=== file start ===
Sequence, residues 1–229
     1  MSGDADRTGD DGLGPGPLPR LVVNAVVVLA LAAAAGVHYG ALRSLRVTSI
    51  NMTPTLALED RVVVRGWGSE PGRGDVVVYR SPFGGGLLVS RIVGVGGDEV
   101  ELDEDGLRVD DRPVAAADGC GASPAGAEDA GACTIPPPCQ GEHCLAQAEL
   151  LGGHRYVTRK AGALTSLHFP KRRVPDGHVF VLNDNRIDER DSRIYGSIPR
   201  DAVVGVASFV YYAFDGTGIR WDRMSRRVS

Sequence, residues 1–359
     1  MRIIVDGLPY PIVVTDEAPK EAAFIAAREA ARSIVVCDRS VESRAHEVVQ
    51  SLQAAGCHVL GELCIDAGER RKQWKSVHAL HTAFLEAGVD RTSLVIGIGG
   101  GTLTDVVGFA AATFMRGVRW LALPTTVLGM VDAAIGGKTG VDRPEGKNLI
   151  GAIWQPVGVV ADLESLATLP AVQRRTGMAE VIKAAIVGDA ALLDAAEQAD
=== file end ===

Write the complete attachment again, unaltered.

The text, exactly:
Sequence, residues 1–229
     1  MSGDADRTGD DGLGPGPLPR LVVNAVVVLA LAAAAGVHYG ALRSLRVTSI
    51  NMTPTLALED RVVVRGWGSE PGRGDVVVYR SPFGGGLLVS RIVGVGGDEV
   101  ELDEDGLRVD DRPVAAADGC GASPAGAEDA GACTIPPPCQ GEHCLAQAEL
   151  LGGHRYVTRK AGALTSLHFP KRRVPDGHVF VLNDNRIDER DSRIYGSIPR
   201  DAVVGVASFV YYAFDGTGIR WDRMSRRVS

Sequence, residues 1–359
     1  MRIIVDGLPY PIVVTDEAPK EAAFIAAREA ARSIVVCDRS VESRAHEVVQ
    51  SLQAAGCHVL GELCIDAGER RKQWKSVHAL HTAFLEAGVD RTSLVIGIGG
   101  GTLTDVVGFA AATFMRGVRW LALPTTVLGM VDAAIGGKTG VDRPEGKNLI
   151  GAIWQPVGVV ADLESLATLP AVQRRTGMAE VIKAAIVGDA ALLDAAEQAD